London Mayor Boris Johnson shamed presumptive Republican presidential nominee Mitt Romney in front of a crowd of 100,000 people at the Olympic torch lighting on Thursday.
In an interview with NBC’s Brian Williams, Romney had offended Brits when he suggested that London wasn’t ready for the games.
“It’s hard to know just how well it will turn out,” the candidate said. “There are a few things that were disconcerting. The stories about the private security firm not having enough people, the supposed strike of the immigration and customs officials — that obviously is not something which is encouraging.”
During the torch lighting ceremony the next day, the London mayor made a point of calling out Romney.
“There are some people coming from around the world who don’t yet know about all the preparations we’ve done to get London ready in the last seven years,” Johnson told the massive crowd in Hyde Park. “There’s a guy called Mitt Romney who wants to know whether we’re ready.”
“Are we ready? Are we ready? Yes, we are!”
Watch this video from BBC, broadcast July 26, 2012.
(h/t: Video Cafe)
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British PM candidates clash over Brexit as Boris Johnson skips debate
Candidates to become Britain's next prime minister clashed over Brexit strategy at their first debate on Sunday but the frontrunner, Boris Johnson, dodged the confrontation.
The 90-minute debate on Channel 4 featured the five remaining candidates and an empty podium for Johnson, the gaffe-prone former foreign secretary and former mayor of London.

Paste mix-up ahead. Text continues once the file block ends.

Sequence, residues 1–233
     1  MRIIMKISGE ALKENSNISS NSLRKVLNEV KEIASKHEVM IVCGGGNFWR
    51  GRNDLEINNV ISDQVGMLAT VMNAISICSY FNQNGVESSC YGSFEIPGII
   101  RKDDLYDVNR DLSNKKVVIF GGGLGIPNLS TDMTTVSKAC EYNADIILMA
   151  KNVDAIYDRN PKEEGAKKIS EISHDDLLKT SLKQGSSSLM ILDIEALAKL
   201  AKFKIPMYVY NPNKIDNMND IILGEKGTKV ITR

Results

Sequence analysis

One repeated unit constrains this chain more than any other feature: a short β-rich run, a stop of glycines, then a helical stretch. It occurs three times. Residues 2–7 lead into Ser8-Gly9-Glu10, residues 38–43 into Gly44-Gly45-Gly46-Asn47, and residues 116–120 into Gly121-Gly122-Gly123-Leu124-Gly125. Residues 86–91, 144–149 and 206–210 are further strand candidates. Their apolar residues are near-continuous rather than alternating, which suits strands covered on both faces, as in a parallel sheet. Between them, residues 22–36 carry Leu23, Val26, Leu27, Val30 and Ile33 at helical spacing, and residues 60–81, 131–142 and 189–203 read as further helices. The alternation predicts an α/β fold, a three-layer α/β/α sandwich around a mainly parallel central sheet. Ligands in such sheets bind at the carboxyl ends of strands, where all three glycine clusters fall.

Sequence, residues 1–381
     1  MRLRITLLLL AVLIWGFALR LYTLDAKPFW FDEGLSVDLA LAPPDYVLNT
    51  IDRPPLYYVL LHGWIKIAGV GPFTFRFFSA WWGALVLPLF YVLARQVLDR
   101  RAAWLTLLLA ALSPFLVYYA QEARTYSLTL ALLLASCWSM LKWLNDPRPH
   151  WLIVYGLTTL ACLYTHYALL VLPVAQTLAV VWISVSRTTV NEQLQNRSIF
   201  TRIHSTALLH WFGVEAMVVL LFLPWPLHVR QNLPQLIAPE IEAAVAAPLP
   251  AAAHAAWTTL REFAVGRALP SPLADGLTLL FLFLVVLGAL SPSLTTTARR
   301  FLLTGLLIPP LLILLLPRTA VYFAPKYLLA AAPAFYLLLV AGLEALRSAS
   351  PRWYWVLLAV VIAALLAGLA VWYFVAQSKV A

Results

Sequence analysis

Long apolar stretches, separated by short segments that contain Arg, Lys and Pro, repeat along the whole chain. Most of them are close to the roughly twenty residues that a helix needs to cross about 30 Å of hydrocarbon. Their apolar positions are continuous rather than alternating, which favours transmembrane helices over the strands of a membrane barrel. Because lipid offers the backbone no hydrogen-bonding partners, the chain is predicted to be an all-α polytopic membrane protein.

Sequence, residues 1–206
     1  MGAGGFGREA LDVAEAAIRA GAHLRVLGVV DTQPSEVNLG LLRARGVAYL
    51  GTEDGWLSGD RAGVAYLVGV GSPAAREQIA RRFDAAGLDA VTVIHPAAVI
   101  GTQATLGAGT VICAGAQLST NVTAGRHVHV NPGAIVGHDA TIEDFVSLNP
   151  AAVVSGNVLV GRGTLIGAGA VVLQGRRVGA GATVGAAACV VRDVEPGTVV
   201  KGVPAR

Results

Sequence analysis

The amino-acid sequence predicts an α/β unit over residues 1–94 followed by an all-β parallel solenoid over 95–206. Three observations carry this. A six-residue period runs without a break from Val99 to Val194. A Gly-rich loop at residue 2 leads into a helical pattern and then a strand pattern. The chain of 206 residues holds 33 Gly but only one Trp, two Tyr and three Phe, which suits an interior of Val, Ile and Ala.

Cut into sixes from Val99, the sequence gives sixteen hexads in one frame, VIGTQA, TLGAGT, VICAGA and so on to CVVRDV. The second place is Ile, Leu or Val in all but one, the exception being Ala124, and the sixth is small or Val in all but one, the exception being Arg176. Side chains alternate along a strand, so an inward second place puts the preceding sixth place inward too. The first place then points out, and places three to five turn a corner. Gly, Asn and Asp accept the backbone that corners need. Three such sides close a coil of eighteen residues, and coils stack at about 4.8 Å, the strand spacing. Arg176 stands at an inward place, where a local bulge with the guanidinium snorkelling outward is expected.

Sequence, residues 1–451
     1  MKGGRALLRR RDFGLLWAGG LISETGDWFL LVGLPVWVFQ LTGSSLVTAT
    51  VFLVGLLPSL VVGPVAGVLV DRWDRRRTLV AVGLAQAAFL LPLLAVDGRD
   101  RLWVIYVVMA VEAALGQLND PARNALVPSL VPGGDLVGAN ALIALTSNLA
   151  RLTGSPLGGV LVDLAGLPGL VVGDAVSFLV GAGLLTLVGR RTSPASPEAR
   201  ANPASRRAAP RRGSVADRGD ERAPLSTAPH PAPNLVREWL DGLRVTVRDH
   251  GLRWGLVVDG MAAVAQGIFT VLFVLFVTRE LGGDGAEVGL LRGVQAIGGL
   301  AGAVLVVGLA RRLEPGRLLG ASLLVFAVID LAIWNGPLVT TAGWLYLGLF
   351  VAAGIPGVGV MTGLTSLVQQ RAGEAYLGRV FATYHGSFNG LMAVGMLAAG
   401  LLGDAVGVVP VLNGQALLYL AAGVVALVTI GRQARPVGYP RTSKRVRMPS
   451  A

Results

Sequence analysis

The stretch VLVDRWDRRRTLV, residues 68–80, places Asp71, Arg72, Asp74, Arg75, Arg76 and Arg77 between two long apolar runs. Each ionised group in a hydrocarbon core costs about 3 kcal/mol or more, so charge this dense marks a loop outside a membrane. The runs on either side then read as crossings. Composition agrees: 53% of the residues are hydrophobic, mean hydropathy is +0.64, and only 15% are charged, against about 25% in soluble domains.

In sometimes ill-tempered exchanges, four of the five candidates said they would seek to renegotiate the draft Brexit divorce deal agreed with Brussels even though EU leaders have repeatedly ruled this out.
Michael Cohen ordered back to Congress on March 6
President Donald Trump's so-called "fixer" is being asked to return to Congress for more questioning on March 6.
Outside of the closed-door committee hearing Thursday, Cohen said that the House Intelligence Committee is seeking further information, according to Washington Examiner writer Byron York.
Michael Cohen finished closed-door testimony before House Intel Committee, says he's coming back for another session March 6. Again: No reason for secrecy. Transcripts should be released ASAP.
— Byron York (@ByronYork) February 28, 2019
Here are 10 women who wouldn’t be silenced in 2018
It's been 26 years since the so-called "Year of the Woman," when a record number of women were elected to Congress in 1992. Four senators and 24 representatives were sent to Capitol Hill, following contentious Supreme Court hearings for then-nominee Clarence Thomas, who was accused by Anita Hill of sexual harassment.
On several levels, the themes of 1992 have made repeat, and amplified, appearances this year. The #MeToo movement became fully realized with women reclaiming and reframing their stories, as President Donald Trump, himself accused many times of sexual predator behavior settled further into the White House. Trump nominated Brett Kavanaugh, also accused of sexual assault, to the Supreme Court, and while Kavanaugh would go on to attain a seat on the highest court in the land, serial sexual predator and former beloved comedian Bill Cosby was sent to prison for the drugging and rape of Andrea Constand, only one of dozens of women who have spoken out against Cosby with credible accusations of assault.